Delaware WNV-Positive Horse Recovers

Delaware WNV-Positive Horse Recovers

Unvaccinated horses are at greatest risk of developing clinical signs of both WNV and EEE, which are spread by mosquitoes and can be fatal.

Photo: Photos.com

A second Delaware horse has tested positive for West Nile virus (WNV), but has recovered, the Department of Agriculture announced Sept. 17.

The 2-year-old filly from Sussex County is the state’s second confirmed case of WNV in 2013, said Delaware State Veterinarian Heather Hirst, DVM, MS. Delaware’s first equine WNV case this year was diagnosed in Kent County in August; that horse has also recovered. 

Prior to this year, Delaware’s last confirmed equine case of WNV was in 2003, and the last case of equine Eastern equine encephalitis (EEE), another mosquito-borne disease, was in 2005.

Owners should consult with their veterinarians about best WNV and EEE vaccination programs, Hirst said. Unvaccinated horses are at greatest risk of developing clinical signs of both WNV and EEE, which are spread by mosquitoes and can be fatal.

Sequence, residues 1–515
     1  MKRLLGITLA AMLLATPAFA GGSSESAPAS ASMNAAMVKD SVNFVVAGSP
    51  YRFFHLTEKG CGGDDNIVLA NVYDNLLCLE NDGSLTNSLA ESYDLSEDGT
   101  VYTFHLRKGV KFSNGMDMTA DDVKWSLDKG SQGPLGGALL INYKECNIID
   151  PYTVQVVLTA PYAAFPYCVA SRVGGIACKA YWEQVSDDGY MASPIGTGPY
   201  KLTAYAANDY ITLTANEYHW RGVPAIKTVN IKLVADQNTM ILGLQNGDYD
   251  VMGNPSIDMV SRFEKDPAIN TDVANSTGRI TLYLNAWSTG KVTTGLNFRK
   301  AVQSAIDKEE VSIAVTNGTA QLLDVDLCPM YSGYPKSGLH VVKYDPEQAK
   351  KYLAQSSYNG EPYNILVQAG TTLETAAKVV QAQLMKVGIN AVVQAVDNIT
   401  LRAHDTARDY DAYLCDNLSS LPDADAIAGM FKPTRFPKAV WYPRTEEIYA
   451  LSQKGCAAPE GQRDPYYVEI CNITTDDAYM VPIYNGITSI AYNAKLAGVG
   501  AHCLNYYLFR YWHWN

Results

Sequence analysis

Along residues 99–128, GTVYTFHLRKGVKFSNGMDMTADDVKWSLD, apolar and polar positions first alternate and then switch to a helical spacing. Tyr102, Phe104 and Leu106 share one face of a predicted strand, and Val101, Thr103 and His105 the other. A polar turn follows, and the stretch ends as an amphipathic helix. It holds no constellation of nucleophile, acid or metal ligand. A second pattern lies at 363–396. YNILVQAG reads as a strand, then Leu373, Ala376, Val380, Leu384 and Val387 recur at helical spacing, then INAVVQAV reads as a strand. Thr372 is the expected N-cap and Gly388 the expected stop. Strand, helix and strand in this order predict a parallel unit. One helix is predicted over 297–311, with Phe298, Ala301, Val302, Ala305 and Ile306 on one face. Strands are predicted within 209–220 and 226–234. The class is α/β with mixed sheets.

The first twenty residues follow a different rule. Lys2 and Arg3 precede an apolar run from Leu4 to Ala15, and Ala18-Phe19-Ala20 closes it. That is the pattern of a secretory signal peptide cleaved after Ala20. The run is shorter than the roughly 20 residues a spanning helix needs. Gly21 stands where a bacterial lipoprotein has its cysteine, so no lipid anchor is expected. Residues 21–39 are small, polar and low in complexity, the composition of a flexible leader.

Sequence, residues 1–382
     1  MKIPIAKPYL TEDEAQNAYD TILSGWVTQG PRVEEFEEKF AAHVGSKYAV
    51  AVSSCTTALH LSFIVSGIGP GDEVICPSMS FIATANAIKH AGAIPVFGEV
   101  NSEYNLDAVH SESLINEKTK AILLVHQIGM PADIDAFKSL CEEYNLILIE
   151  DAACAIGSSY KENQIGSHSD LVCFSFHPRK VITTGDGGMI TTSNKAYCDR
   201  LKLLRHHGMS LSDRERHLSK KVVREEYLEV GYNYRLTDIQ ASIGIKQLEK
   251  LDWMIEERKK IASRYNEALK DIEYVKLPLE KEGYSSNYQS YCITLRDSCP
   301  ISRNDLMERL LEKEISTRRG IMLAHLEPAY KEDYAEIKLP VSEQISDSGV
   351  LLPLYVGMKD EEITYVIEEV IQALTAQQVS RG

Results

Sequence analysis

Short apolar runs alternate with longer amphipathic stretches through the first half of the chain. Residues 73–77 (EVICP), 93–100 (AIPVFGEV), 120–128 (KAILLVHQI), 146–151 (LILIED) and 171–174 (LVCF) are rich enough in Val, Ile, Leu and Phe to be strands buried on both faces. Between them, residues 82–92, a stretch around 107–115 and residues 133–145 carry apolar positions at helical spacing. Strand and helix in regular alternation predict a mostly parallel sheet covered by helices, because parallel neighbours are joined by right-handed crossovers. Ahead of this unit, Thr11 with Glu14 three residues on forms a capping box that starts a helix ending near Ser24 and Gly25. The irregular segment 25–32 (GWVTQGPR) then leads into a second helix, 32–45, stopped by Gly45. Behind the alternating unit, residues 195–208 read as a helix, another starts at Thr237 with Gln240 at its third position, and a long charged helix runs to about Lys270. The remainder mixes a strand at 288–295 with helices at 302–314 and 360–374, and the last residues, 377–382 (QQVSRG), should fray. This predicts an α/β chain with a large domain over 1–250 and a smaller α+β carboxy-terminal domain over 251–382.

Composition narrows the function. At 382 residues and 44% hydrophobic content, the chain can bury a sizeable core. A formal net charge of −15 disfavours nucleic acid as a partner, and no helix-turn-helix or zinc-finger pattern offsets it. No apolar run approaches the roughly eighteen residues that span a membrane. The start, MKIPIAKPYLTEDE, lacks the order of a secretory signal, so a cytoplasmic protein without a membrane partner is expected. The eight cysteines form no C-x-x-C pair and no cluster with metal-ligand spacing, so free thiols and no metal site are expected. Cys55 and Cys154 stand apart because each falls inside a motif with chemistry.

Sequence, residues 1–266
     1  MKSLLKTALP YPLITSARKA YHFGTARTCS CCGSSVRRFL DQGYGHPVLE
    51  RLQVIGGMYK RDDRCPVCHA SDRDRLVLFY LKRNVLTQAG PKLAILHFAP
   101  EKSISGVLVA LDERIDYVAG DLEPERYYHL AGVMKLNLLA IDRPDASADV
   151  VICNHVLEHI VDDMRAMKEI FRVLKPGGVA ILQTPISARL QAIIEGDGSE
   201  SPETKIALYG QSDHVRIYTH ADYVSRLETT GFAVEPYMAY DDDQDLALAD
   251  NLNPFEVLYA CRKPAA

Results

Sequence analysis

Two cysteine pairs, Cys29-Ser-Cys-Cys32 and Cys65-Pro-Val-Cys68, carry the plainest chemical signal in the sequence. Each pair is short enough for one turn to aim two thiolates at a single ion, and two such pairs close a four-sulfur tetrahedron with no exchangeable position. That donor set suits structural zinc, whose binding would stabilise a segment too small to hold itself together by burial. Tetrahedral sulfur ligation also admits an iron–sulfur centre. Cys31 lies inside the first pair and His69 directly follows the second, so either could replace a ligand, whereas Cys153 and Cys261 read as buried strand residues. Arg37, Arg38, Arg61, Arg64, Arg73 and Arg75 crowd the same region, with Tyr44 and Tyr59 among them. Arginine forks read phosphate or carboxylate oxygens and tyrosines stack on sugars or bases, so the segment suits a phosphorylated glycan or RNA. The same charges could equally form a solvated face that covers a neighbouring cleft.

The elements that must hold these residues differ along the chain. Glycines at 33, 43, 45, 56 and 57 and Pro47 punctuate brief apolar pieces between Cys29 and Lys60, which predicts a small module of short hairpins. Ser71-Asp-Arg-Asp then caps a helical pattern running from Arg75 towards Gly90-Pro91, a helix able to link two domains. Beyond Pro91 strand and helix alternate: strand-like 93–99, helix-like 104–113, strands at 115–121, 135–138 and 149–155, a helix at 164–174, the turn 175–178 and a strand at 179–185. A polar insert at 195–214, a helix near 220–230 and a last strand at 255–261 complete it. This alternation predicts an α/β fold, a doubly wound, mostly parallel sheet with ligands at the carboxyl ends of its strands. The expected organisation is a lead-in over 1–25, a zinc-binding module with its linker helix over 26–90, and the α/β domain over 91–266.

Both horses and humans can contract WNV and EEE if bitten by a mosquito carrying the virus, but it is important to note that the viruses are not transmitted between horses or from horses to people. The viruses normally exist in a cycle between mosquitoes and birds, but occasionally EEE can be transmitted from mosquitoes to mammals.

Hirst said horse owners should contact their veterinarian immediately if they suspect their horse could be showing signs of WNV or EEE. Clinical signs of EEE in horses include fever (102.5-104.5°F), loss of appetite, head pressing, depression or personality change, wobbling or staggering, weakness, blindness, convulsions, and muscle tremors in the head and neck. These signs are also consistent with WNV, although a fever might not be present with WNV.

Stay on top of the most recent Horse Health news with FREE weekly newsletters from TheHorse.com. Learn More

Free Newsletters

Sign up for the latest in:

From our partners